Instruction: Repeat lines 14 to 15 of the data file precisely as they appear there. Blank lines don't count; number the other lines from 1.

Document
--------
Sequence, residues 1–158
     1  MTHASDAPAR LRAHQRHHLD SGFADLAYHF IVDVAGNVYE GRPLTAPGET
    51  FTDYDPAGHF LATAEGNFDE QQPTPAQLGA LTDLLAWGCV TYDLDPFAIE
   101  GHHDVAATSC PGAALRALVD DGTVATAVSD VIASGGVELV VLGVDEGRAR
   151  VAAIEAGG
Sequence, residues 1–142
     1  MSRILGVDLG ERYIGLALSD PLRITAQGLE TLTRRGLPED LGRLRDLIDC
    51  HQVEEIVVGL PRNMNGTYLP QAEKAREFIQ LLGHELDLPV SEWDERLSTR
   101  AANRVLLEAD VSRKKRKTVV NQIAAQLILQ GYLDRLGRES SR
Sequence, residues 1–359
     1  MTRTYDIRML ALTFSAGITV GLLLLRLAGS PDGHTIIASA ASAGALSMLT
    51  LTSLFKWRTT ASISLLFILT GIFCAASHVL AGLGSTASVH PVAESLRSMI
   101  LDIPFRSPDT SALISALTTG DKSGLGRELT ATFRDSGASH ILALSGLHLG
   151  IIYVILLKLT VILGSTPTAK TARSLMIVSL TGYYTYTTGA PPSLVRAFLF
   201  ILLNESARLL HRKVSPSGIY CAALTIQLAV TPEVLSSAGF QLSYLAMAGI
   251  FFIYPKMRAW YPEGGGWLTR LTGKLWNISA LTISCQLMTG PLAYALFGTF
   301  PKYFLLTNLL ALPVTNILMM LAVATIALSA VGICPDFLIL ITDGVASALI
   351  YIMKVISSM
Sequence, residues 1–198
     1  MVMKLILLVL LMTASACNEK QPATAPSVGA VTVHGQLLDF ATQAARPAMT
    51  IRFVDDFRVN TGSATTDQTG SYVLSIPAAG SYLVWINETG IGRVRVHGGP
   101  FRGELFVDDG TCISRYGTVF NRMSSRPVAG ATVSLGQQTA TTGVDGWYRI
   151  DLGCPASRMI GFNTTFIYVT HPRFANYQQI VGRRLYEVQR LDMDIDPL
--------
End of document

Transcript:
   151  IIYVILLKLT VILGSTPTAK TARSLMIVSL TGYYTYTTGA PPSLVRAFLF
   201  ILLNESARLL HRKVSPSGIY CAALTIQLAV TPEVLSSAGF QLSYLAMAGI